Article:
by Minerva Spencer
Publication: November 24, 2020
Series: Rebels of the Ton #1
**I was provided a copy of the book through NetGalley. I voluntarily read and reviewed it. All opinions are my own.**
At her age, Drusilla is considered an old spinster. It also doesn’t help that she is an independent, progressive woman who has no plans to get married. Plans change, however, after her reputation is tarnished and she becomes engaged to her best friend’s brother to protect it.
The book is generally written well. There are a few surprises that made for an interesting story and allows the reader to keep pressing forward to find out what will happen next. Many readers will find this to be an enjoyable book because it does have its moments, but I do not think it was a good fit for me. I had high expectations for the novel but was left disappointed. It became difficult to finish reading when it was clear Drusilla was relegated to a supporting character in Gabriel’s story as opposed to sharing a leading role with him. He often dictated and she had to respond to him.
The summary of the book paints Drusilla as a liberal thinker, shunning the expectations of marriage and creating a group that takes up social causes. In the first half of the book, she at least seems to be that person. She banters with Gabriel while trying to hide her feelings about him. She doesn’t mind that people are aware of her ideologies. By the second half of the book, she is boxed into the role of a wife and the independent thinking woman disappears. The Drusilla we are left with is one who pines after Gabriel and who continually reminds herself that he doesn’t love her. So much unnecessary angst and frustration for the characters and the reader could have been prevented had Drusilla and Gabriel just talked to one another.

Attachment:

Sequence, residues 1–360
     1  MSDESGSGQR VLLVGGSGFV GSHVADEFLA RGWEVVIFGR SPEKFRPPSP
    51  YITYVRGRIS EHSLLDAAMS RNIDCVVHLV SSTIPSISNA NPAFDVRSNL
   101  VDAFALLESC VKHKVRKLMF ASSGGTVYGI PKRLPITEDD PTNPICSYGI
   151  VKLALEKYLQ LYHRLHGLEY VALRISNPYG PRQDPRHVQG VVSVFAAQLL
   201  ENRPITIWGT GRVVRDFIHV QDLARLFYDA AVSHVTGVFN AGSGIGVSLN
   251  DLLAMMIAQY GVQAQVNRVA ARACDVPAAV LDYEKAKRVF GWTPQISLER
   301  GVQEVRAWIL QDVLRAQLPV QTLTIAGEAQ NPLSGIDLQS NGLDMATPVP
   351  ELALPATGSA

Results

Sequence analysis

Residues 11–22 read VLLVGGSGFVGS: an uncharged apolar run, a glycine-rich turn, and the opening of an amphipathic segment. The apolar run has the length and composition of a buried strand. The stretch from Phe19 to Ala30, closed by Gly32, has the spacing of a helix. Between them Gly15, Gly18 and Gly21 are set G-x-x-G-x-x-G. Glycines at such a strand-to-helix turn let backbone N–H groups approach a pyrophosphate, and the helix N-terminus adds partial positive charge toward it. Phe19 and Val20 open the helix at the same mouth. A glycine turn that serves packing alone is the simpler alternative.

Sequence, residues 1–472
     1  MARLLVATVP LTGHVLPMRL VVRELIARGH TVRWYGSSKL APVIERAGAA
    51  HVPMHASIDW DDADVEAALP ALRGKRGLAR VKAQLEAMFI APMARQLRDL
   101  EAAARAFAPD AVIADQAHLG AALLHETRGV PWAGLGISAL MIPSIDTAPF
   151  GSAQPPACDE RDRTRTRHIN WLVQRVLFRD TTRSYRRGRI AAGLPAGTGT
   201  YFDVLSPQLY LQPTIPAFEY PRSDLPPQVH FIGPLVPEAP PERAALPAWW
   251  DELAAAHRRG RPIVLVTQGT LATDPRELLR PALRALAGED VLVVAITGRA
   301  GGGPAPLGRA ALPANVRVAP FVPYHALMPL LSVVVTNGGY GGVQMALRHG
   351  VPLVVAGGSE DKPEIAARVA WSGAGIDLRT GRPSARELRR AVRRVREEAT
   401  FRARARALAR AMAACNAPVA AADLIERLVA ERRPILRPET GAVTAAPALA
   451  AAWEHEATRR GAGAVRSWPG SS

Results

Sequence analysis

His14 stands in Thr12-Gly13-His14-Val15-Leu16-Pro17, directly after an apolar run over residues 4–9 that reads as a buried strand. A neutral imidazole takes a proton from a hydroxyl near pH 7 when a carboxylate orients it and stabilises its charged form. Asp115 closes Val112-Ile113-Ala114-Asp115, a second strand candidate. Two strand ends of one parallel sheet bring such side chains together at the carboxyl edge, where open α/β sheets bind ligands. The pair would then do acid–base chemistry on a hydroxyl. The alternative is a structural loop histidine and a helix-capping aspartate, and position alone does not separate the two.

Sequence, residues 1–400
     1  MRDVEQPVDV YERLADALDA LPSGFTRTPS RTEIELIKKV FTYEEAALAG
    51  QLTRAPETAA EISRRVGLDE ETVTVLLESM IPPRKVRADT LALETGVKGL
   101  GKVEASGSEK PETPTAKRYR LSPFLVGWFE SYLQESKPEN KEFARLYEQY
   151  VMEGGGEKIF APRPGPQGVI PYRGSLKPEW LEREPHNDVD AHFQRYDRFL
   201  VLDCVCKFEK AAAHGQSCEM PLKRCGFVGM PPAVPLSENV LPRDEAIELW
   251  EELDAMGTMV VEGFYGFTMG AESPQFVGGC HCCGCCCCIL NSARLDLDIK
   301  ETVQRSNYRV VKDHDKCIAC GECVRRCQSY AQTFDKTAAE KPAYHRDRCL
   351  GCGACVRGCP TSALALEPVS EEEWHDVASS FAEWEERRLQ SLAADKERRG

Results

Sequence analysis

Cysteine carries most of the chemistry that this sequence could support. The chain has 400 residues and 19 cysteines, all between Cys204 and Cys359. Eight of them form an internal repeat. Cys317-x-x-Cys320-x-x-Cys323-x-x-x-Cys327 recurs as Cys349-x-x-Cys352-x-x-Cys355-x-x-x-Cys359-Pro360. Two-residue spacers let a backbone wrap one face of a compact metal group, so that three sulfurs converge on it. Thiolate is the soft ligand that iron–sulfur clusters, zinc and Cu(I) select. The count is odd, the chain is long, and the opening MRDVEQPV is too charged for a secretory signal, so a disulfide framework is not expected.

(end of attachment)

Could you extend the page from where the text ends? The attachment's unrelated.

Outside of the bedroom, the most we get from Drusilla is excitement when Gabriel accompanies her to the seamstress. We see a spark of who she used to be toward the end, but by that time I was already frustrated. It was infuriating to see her turn into one of her greatest fears. She stopped standing up for herself, going so far as to take the blame for some of Gabriel’s flare ups and hardly ever demanding an apology. We don’t see her do anything about the social causes she claimed to care about despite her insistence earlier on that she be able to continue to do so should she and Gabriel be married.
Then the book shifts focus to Gabriel, despite alternating viewpoints, leaving us to accept this new version of Drusilla. If there is one thing that I dislike, it is how female leads like Drusilla go from independent to complacent as soon as they are paired up, which feels completely out of character. I would have been more understanding had I seen it coming, and the expectation was that she would change for marriage. The argument could be made that it was the time period and this should have been expected, but Drusilla verbally fought against this. After giving up on Drusilla, I found Eva becoming an interesting character but by the time she became interesting, the book was already coming to an end.
Individuals may be able to pick Notorious up and enjoy it, especially if this is a time period that is of interest to them. It is fast-paced, filled with unexpected twists. On the other hand, if individuals are looking for a strong, independent female lead promised in the summary, they may be left disappointed. I’ll be honest, I had high expectations for this book and I’m still reeling from the disappointment.